The Cine of Lost Children


TORONTO—You didn’t need to be a parent to emerge anxious and shell-shocked from this year’s Toronto film festival. Movie after movie extracted queasy drama from the spectacle of children in the clutches of kidnappers, pedophiles, murderers, religious fundamentalists, and Courtney Love–like mothers. If there was one film that entirely transcended exploitation in its Amber-alert suspense, it was Lodge Kerrigan’s grimly compelling Keane. Introduced stalking the sallow, buzzing corridors of New York’s Port Authority in search of the six-year-old daughter he lost a few months ago, the title character (viscerally embodied by Damian Lewis) is constantly in motion but trapped in a psychological impasse. Helplessly drawn to the site of his unthinkable loss, Keane replays the traumatic event compulsively, as if hoping to change its outcome; in a climax suspended between grief and remorse, he even attempts a harrowing re-enactment.

Keane‘s festival success (the best-received American indie in Toronto, it plays the New York Film Festival October 13 and 14) marks a comeback for Kerrigan after a period of infrequent activity and miserable luck. Following his widely admired debut, Clean, Shaven (1994), an audacious first-person exercise in schizophrenic hallucination, Kerrigan saw his 1998 Cannes entry Claire Dolan languish without U.S. distribution for two years. In 2002, he finished shooting his third feature, In God’s Hands, but due to “extensive negative damage,” was forced to abandon the project.

Each of Kerrigan’s films has focused, with almost frightening tenacity, on a single opaque, obsessive character. If Claire Dolan evoked Jeanne Dielman, Keane suggests Rosetta. Shot in long takes and agitated handheld close-ups, the film plunges the viewer into the personal space of a severely troubled protagonist. Kerrigan, who spent hours rehearsing each setup, says, “Some takes are four minutes long. The magazine was 400 feet, and there’s one take in the movie that ran out at 399 feet.”

There’s an implicit political dimension to Keane, which is set in and around Port Authority and across the Lincoln Tunnel in North Bergen, and doubles as a snapshot of industrialized, minimum-wage America. “We tend to blame the poor for being poor,” Kerrigan says. “It’s like how we deal with the mentally ill. It’s the job of the police to remove them from public sight. Everyone knows that, but it’s important to show that there are people who struggle every day, who deserve compassion instead of criticism.”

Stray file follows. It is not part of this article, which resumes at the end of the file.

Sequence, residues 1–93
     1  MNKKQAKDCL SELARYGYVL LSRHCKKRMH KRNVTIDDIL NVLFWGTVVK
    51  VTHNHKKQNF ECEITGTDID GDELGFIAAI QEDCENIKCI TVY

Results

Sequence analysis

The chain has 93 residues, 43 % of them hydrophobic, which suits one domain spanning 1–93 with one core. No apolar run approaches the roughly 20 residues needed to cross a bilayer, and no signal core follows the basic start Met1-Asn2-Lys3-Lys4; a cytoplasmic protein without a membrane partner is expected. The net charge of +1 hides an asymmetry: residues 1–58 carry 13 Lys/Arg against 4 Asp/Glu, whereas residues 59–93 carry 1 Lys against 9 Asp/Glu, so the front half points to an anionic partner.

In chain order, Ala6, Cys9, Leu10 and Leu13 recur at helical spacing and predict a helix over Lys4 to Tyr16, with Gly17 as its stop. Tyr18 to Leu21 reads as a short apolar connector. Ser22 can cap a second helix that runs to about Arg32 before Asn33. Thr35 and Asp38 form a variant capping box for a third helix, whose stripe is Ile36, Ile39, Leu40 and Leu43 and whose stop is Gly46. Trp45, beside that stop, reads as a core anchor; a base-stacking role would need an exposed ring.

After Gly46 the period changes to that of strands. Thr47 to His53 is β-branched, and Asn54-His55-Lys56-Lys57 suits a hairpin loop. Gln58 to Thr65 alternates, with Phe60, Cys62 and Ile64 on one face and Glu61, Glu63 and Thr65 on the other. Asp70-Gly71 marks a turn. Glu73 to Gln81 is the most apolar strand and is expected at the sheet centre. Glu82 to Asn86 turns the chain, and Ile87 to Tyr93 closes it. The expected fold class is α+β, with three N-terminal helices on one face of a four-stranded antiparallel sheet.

Keane apparently suffers from paranoid schizophrenia, and the film’s unnerving precariousness and ambiguity (is it possible the missing child never existed?) arise directly from his mental instability. “A close friend of mine suffers from schizophrenia,” says Kerrigan, who has researched mental illness extensively over the years. “Maybe deep down I don’t feel that far removed from crossing that line. Mental health is such a fragile entity. We have this expectation that human beings are going to be wired correctly and our nervous systems are going to work. I find it amazing that they do work as well.”

Another comeback from an indie stalwart, Gregg Araki’s Mysterious Skin at first seems a curious fit: a heartfelt Midwestern repressed-memory coming-of-ager from the master of SoCal snark? But despite its uncharacteristic composure, Araki’s jaggedly poetic eighth feature, adapted from Scott Heim’s novel, has much in common with the director’s best work: “aliens and Slowdive music,” as Araki deadpanned at a Toronto press conference, not to mention a strong outsider empathy and a simultaneously brash and complicated take on nascent sexuality and desire.

The film inverts the familiar Amerindie trick of pedophile identification (L.I.E., The Woodsman, Todd Solondz). “You hear about pedophilia in the news all the time, but people are sort of numb to it,” Araki says in a phone interview. “This story puts you through the subjective experience of what these boys go through.” The most unnerving aspect of the film involves the heightened sexual awareness of one of the boys, who, at eight, is masturbating to his mother’s Playgirl and plainly attracted to the baseball coach who goes on to abuse him. That he’s hardly a typical victim only reinforces the film’s moral point of view.

Few contemporary directors eroticize their actors as unabashedly as Araki, and he delights here in re-inventing former 3rd Rock moppet Joseph Gordon-Levitt as a strutting dicktease. “Joe has some tough scenes for a straight kid,” Araki says with a laugh. But working with the two leads’ eight-year-old counterparts was uncharted territory. “The film is about deep childhood trauma and the last thing I wanted to do was traumatize a child,” says Araki. “A lot of it was like the Kuleshov experiment,” he notes, referring to the Soviet-montage concept. “I figured out how to use subjective camera and point of view—only then did I think I could make an uncompromising adaptation that deals with the tougher parts of the book.”

Judging from the Venice and Toronto screenings, Araki says Mysterious Skin is tapping into an unexpected demographic.”It seems to bring out a maternal instinct in older women, who I thought would be freaked out. At the Toronto screening, the median age was like 55.” He laughs. “Maybe that’s the secret audience that’s been renting The Doom Generation all these years.”